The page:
Figure 1 shows a graphical presentation of the AI Course Design Planning Framework as a concise course development tool (A blank version of the canvas is available for download under (accessed on 01 December 2023)). The framework consists of three interacting “pillars”, namely “AI in the domain”, “learning environment” and “course implementation”. The first pillar “AI in the domain” focuses on the external context of the application of AI in the domain. The second pillar reflects the learning environment in which the course takes place, such as learners and their interaction with AI, the competencies of the instructor and the available internal support. The third pillar describes the course implementation with learning outcomes, assessment and learning activities, all supported by the findings from the previous two pillars. Thus, the first two pillars have a supportive function. They can be interpreted in terms of Kern’s six-step approach as the “needs assessment” component, which serves as the basis for the pedagogical structure of the course.

Figure 1. The AI Course Design Planning Framework with its three pillars focusing on (1) AI in the domain, (2) the learning environment and (3) the course implementation.

AI in the Domain

Describing the use of AI in the domain is the starting point of any endeavor to create a domain-specific AI course, as it determines what content will be taught in the corresponding courses. The subtopics of the pillar are presented in the following subsections.


The term domain is used to refer to the discipline in which AI is to be applied. For AI applications in medicine, an exemplary domain could be “radiology” and for AI applications in vehicle technology and development, it could be “mechanical engineering”.

Potential AI Use Cases in the Domain

This subtopic is focused on the effect of AI technology in the domain. It helps to structure the topics that will become relevant for students and learners in the near future. Its goal is to support the identification of current use cases and the prognostic assessment of possible future use cases in which AI could play a role in the domain-specific problem solution.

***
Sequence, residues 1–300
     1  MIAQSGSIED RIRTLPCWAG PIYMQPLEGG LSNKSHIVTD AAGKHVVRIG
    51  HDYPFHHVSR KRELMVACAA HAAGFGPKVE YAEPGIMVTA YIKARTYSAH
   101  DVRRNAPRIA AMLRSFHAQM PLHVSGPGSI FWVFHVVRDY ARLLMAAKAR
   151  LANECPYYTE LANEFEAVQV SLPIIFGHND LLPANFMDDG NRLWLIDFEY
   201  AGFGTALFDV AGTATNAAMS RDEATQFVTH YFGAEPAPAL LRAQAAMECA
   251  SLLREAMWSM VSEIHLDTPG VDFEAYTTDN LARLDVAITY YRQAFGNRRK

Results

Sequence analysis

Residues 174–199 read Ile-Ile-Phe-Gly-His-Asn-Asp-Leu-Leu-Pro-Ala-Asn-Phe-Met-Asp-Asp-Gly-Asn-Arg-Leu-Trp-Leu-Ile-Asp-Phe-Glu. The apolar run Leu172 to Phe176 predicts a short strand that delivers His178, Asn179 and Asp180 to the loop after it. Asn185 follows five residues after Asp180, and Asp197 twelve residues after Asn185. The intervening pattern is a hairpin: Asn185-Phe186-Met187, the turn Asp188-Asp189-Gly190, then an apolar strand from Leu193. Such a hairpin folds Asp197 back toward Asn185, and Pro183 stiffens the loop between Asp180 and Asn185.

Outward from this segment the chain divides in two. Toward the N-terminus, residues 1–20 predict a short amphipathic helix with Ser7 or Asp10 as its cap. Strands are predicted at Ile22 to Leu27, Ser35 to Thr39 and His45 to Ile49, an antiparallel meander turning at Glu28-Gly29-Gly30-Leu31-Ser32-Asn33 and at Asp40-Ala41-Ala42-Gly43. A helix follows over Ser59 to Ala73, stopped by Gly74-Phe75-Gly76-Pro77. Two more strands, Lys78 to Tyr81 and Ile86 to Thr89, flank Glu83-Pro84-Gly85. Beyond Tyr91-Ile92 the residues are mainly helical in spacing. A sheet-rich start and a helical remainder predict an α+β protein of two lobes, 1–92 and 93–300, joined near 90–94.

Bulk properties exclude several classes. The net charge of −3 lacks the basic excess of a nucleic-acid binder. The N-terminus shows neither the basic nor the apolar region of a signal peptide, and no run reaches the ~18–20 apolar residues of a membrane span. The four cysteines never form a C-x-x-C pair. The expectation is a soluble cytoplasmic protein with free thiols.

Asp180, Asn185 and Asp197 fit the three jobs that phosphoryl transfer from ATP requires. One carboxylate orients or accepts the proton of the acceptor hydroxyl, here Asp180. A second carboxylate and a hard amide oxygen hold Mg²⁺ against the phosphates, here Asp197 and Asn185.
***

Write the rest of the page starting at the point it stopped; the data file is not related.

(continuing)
Data in the Domain

The identified AI use cases are usually based on the most relevant type of data in the respective domain. The respective subtopic is not about which data is easy to obtain or how it can be used but rather about the type of data that is involved. Knowledge of typical data in a given domain enables more targeted use of AI techniques and specification of the data. It makes a big difference for the AI techniques which are to be taught whether the domain mainly works with time-series data, texts, images or other data types. Moreover, it is an important consideration whether the data in the domain is abundant or scarce.

Implications of Using AI in the Domain

Another important factor to consider is the potential implications that could arise when using AI in the respective field [47]. This mostly concerns ethical, legal and social implications [48,49]. For example, using AI to support medical triage decisions has different implications than using it to optimize the energy consumption of a manufacturing plant. Understanding the impact of technology on their domain helps students adhere to societal and ethical standards when using or developing AI technologies in their domain.

Additional Learning Resources

The creation of course material can be supported and guided by existing learning material and from oneself, colleagues or other institutions. In particular, Open Educational Resources (OER) can provide a basis for course development and can be used as preparatory or supplementary materials in course design [50,51].
Overall, the answers to the questions from this pillar build the foundation on which skills and knowledge are to be taught in the course units.

Learning Environment